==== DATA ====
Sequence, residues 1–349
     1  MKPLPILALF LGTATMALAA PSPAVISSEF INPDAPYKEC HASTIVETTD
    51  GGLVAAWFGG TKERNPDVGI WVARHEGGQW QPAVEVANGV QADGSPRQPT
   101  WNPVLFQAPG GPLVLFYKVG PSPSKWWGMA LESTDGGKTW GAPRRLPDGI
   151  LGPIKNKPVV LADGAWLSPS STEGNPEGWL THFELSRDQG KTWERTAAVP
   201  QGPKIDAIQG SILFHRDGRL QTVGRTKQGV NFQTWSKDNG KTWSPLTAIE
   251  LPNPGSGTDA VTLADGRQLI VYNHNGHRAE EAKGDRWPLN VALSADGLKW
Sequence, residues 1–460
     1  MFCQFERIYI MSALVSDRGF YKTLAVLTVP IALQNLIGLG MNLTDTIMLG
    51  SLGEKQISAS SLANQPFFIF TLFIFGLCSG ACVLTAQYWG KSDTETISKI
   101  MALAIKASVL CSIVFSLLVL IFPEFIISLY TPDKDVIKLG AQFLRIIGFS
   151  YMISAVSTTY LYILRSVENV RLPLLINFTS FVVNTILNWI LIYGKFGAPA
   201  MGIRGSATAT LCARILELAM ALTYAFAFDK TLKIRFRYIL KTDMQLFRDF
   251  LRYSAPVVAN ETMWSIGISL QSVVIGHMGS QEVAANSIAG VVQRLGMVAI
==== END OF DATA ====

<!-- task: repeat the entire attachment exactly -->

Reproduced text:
Sequence, residues 1–349
     1  MKPLPILALF LGTATMALAA PSPAVISSEF INPDAPYKEC HASTIVETTD
    51  GGLVAAWFGG TKERNPDVGI WVARHEGGQW QPAVEVANGV QADGSPRQPT
   101  WNPVLFQAPG GPLVLFYKVG PSPSKWWGMA LESTDGGKTW GAPRRLPDGI
   151  LGPIKNKPVV LADGAWLSPS STEGNPEGWL THFELSRDQG KTWERTAAVP
   201  QGPKIDAIQG SILFHRDGRL QTVGRTKQGV NFQTWSKDNG KTWSPLTAIE
   251  LPNPGSGTDA VTLADGRQLI VYNHNGHRAE EAKGDRWPLN VALSADGLKW
Sequence, residues 1–460
     1  MFCQFERIYI MSALVSDRGF YKTLAVLTVP IALQNLIGLG MNLTDTIMLG
    51  SLGEKQISAS SLANQPFFIF TLFIFGLCSG ACVLTAQYWG KSDTETISKI
   101  MALAIKASVL CSIVFSLLVL IFPEFIISLY TPDKDVIKLG AQFLRIIGFS
   151  YMISAVSTTY LYILRSVENV RLPLLINFTS FVVNTILNWI LIYGKFGAPA
   201  MGIRGSATAT LCARILELAM ALTYAFAFDK TLKIRFRYIL KTDMQLFRDF
   251  LRYSAPVVAN ETMWSIGISL QSVVIGHMGS QEVAANSIAG VVQRLGMVAI